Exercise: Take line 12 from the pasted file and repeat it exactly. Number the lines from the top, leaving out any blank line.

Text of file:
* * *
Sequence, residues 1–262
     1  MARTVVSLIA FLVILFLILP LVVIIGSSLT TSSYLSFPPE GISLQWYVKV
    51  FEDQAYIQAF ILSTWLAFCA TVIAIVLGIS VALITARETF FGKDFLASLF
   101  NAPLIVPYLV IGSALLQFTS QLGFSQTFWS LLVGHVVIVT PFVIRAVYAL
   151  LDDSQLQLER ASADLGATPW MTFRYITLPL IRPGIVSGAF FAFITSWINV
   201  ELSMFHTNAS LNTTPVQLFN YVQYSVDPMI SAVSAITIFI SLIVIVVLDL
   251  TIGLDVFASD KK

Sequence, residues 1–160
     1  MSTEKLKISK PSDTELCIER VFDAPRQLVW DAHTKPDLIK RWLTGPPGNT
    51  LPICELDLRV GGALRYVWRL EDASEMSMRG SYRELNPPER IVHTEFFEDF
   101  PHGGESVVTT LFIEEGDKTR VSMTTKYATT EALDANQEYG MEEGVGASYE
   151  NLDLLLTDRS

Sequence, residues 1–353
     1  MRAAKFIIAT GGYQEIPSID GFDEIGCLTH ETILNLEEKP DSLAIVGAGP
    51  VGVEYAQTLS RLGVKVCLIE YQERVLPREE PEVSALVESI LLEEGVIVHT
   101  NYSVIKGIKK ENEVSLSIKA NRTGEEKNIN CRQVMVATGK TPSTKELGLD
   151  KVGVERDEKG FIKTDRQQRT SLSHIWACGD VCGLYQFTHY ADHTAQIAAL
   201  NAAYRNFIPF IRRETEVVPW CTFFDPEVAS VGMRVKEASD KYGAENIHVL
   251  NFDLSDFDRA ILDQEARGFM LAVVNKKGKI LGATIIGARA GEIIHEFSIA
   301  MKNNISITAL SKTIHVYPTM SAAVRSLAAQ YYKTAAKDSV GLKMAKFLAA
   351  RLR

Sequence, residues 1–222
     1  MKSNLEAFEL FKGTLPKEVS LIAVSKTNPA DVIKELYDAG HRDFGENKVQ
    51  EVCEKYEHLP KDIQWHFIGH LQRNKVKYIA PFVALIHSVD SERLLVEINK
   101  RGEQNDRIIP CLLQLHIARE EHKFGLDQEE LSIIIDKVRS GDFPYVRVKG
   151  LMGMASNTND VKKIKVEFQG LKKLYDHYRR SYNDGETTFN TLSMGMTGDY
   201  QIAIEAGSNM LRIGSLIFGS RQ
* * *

   151  NLDLLLTDRS